With the establishment of the Mauritius Renewable Energy Agency, the Mauritius government is on the right track to become a low carbon economy. With the set target of generating 35% electricity from renewable energy sources by 2025, the government of Mauritius has set up the Mauritius Research Council (MRC) to promote and co-ordinate national investment in research. As an initial step, they have invited Expressions of Interest (EOI) for the development of offshore wind farms for the Republic of Mauritius.
Currently the MRC is calling for tender for reputable consultancy firms for the development of offshore wind farms.
It is already popular that Mauritius is in full support of renewable energy sources such as wind, solar and wave energy. Being Australia’s largest naval base, the Garden Island, the Mauritian government is peering into how the Australian military is being powered. It is not just the Mauritian Government, but the entire world is learning about the viabilities of undersea CETO 6 tidal energy buoys that are tethered to the ocean floor. The Garden Island has become a template for many of the island nations around the world for combating the climate change.
With a contribution of $800,000 from the Australian and Mauritian governments, the Mauritian Government has roped in Carnegie Clean Energy, the Australian developers of the Garden Island microgrid, to draw up a renewable energy roadmap for the country.
A point to be noted here is that, the Royal Australian Navy is well-equipped with research and development to establish a $7.5m renewables-based microgrid with a mix of solar energy (2MW), battery storage (2MW) and a desalination plant along with undersea wave energy generators. If RAN established the microgrid for a self-sufficient island, Mauritius is establishing a similar template to overcome its energy crisis.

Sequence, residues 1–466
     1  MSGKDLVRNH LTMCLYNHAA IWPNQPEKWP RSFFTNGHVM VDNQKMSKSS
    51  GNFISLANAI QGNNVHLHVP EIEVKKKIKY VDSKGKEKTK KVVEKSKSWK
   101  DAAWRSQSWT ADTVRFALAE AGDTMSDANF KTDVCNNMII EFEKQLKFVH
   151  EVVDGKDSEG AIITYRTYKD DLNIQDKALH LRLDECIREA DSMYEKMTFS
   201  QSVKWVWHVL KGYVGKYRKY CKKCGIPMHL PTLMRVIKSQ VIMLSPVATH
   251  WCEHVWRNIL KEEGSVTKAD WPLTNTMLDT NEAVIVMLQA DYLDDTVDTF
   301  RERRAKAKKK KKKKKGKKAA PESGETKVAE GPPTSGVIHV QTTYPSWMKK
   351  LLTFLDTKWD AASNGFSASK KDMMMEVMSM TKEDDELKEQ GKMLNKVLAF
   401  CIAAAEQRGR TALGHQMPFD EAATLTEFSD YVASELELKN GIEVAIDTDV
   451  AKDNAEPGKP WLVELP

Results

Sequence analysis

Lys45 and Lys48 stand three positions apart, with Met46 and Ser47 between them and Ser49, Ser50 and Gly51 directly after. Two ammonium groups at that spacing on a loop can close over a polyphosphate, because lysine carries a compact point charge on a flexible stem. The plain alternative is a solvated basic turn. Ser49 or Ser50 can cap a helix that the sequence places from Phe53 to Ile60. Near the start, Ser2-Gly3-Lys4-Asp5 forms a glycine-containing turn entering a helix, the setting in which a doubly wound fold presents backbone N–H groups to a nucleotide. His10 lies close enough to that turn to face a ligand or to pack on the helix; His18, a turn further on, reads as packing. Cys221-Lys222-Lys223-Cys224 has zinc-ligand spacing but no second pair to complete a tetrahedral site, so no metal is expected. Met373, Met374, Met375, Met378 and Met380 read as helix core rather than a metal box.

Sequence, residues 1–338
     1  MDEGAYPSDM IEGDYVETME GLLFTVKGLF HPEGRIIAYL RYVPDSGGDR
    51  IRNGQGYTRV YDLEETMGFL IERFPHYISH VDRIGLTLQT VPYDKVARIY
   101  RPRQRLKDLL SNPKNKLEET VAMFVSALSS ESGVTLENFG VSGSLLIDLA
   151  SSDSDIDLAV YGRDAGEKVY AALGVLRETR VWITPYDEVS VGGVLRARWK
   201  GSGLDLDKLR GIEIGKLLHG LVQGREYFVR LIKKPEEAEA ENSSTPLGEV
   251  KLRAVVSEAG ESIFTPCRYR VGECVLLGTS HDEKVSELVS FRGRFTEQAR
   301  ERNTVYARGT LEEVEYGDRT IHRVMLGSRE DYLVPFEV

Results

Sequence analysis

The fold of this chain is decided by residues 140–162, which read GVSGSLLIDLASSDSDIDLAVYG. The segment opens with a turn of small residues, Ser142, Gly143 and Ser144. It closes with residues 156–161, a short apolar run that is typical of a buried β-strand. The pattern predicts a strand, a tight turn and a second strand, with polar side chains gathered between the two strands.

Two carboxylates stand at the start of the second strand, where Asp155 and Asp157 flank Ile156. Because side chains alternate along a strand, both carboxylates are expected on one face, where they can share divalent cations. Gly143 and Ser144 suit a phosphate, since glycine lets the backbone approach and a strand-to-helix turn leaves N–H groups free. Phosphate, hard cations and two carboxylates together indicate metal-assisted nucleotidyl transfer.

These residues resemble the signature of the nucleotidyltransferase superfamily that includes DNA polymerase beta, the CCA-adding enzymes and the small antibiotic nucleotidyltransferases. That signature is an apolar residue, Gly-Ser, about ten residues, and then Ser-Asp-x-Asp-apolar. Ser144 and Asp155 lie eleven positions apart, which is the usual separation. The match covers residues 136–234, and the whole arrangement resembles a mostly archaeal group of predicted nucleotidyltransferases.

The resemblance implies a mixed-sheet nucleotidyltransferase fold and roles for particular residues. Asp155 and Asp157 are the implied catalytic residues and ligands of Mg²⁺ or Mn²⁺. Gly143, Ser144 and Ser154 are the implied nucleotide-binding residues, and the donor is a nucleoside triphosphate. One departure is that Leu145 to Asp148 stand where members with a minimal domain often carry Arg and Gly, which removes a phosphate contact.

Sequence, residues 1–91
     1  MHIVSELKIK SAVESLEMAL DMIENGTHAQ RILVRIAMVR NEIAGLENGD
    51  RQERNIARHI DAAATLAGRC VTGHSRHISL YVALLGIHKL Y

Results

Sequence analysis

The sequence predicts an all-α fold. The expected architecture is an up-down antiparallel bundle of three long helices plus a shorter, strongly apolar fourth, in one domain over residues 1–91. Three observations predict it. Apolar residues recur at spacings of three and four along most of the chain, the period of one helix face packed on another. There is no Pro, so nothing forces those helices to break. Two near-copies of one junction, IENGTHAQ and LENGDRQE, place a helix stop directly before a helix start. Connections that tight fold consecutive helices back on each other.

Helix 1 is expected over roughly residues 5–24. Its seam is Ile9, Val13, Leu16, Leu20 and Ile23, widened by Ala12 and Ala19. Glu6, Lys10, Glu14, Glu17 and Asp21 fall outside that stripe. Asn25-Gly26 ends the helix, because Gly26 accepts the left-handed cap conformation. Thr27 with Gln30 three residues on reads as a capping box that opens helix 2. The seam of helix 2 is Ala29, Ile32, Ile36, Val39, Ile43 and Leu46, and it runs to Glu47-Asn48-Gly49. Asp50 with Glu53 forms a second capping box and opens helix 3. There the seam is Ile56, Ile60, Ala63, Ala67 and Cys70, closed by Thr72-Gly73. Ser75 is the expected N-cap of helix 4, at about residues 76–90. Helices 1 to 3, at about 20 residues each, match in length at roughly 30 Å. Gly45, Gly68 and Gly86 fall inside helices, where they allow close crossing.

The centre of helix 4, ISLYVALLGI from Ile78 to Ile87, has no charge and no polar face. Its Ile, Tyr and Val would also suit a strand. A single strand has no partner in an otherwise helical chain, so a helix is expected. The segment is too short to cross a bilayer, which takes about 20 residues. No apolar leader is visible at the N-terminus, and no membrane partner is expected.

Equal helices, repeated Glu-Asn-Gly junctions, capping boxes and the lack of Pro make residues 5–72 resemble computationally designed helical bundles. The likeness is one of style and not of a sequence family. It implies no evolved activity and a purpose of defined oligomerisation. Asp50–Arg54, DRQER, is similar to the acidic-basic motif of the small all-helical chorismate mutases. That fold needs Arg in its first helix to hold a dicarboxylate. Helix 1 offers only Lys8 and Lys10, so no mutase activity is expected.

Carnegie’s managing director, Mike Ottaviano, is already confident that the microgrid that will be established will be able to achieve a 65% production within a decade, which, as per statistics, would exceed the targets of many major industrialised economies. Ottaviano is also planning to set up his company as a ‘one-stop shop’ for building island microgrids, offering design, construction, operation and maintenance services. Carnegie is currently consulting with Nauru, Kiribati, Cocos Islands and the Seychelles.
Mauritius is one of those islands who feel the effect of climate change more than any other countries in the world. Also, being an island, the cost of power is also high with reliance on diesel. The population of Mauritius is all onboard with the government’s aggressive push for green energy. This support also cumulated in the start of a 9MW wind farm by the French company Quadron in 2016 and a 15MW solar PV farm by the local firm Sarako Ltd.
Islands like Mauritius are actually paving the way for a stable and reliable renewable energy source.
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